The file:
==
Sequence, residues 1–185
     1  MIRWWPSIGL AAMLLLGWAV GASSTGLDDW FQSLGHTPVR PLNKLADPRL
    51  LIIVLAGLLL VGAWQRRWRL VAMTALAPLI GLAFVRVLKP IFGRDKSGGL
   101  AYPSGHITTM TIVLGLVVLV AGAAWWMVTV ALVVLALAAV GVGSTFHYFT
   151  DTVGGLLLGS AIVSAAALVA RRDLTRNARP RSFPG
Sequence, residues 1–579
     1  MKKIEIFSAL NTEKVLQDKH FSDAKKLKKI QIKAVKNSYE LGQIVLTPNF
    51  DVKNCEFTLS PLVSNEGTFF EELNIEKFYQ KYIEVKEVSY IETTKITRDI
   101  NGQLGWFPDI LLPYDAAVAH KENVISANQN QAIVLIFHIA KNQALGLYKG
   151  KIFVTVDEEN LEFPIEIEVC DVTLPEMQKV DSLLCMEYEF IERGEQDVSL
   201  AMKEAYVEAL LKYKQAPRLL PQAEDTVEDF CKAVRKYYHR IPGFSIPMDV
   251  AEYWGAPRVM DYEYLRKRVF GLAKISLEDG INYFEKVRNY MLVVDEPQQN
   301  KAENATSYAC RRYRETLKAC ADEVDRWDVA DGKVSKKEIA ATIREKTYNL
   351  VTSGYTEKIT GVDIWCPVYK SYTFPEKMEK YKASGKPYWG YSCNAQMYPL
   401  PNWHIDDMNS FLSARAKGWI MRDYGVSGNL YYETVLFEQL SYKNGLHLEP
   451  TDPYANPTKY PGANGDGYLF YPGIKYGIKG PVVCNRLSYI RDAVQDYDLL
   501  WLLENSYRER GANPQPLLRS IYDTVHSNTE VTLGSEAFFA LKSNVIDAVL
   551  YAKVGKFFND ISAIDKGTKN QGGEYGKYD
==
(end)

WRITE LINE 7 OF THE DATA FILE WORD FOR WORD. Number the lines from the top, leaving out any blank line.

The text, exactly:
     1  MKKIEIFSAL NTEKVLQDKH FSDAKKLKKI QIKAVKNSYE LGQIVLTPNF